I look forward to walking this Lenten journey with you.
You would be right to suspect that many clergy think that rituals are important; after all it’s part of what we do. In our congregation, we baptize, confirm, marry, bless, and bury our members. Each of those is an important ritual marker, a sort of signpost that says, “We are moving from one state of being to another.” In our baptismal covenant, we even say, “We accept you as a new person in Christ.” Rituals help us to acknowledge that we are crossing a threshold. Psychologically, rituals play an important role in helping us to recognize and acknowledge that we are transitioning.
Some rituals are joyous; others allow us to express grief and loss. And still others are bittersweet, mingling the joy and sadness. We have a set of ritual transitions coming up with JT’s departure, Jane Anne’s retirement, and Marta’s arrival that may feel bittersweet to many of us. In accordance with our UCC Book of Worship, we will be releasing both JT and Jane Anne from the vows they have taken as our pastors in worship on February 25. (Bring Kleenex that Sunday!) And not only will we welcome Marta the next Sunday, but we will work with the Conference Committee on Ministry to find a date when the Conference and Plymouth will install her as our settled associate minister.
There will be some less formal components of the ritual in the coming weeks as well. We want to allow members and friends of Plymouth to have an opportunity to bid each of them farewell. A group of laypeople are organizing a time between the services on Sunday, February 19, to offer thanks to JT for the 15 months he has spent as our Bridge Associate Minister. You may wish to contribute to a financial gift for JT and you can do that by writing a check to Plymouth with “JT” in the memo or you can give online here and select “JT Farewell Gift” under the “Fund” dropdown menu.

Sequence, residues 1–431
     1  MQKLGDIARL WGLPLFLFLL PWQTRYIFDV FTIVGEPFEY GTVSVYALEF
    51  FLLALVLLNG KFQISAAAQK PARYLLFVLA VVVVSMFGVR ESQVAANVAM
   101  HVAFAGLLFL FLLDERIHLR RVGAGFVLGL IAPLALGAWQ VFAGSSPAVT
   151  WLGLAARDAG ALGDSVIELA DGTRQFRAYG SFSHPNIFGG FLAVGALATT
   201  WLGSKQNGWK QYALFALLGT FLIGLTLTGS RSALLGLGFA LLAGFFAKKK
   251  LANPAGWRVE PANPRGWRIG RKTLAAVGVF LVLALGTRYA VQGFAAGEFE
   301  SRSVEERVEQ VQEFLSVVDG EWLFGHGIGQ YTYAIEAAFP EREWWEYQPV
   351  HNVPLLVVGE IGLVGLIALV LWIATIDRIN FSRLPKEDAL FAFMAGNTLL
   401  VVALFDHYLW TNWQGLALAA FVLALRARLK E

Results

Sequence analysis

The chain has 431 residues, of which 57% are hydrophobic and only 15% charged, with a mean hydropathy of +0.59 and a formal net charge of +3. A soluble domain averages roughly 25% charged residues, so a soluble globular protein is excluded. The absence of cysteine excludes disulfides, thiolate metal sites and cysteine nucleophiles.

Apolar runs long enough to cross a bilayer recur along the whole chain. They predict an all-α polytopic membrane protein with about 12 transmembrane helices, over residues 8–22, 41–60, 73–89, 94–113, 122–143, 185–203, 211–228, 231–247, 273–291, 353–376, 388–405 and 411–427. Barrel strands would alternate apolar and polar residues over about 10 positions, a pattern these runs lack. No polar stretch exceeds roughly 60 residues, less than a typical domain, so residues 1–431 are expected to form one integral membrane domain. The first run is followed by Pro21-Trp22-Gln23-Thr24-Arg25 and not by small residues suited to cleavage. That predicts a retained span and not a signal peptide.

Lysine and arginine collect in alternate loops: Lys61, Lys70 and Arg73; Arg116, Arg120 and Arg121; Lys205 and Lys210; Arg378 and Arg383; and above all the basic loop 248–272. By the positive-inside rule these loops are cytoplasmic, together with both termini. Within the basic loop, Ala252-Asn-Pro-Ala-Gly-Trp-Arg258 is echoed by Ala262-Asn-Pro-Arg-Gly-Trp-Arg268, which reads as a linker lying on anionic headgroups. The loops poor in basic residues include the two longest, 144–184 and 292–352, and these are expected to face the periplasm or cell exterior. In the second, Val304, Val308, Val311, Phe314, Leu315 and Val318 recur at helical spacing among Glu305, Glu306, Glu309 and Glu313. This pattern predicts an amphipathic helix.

Jane Anne has served at the Church of Christ in Yale (Battell Chapel), First Plymouth Congregational Church in Denver, Poudre Valley Hospital as chaplain, Henderson Community Church in Henderson, Colo., Community UCC in Boulder, and of course, since 2014, at Plymouth. We will be celebrating Jane Anne’s retirement from ordained ministry (and her entry into the ministry of spiritual direction). A group of laypeople are organizing a retirement dinner for Jane Anne of Saturday, February 25 at 5:00 p.m. in Plymouth’s Fellowship Hall. You are invited to attend and also asked to respond to the invitation by clicking here. If you wish to contribute to a financial gift for Jane Anne, you can write a check to Plymouth with “Jane Anne” in the memo or you can give online here and select “Jane Anne Farewell Gift” under the “Fund” dropdown menu.
Both JT and Jane Anne have been extraordinary colleagues. It has been an honor and a privilege to work with them on worship, pastoral care, staff dynamics, Christian formation, and other areas as well. Even though I am excited to work with Marta, I have a sense of grief at saying farewell to these wonderful colleagues (even though I will continue to see Jane Anne).
Healthy goodbyes enable us to have healthy hellos. I hope you will join us in marking these transitions.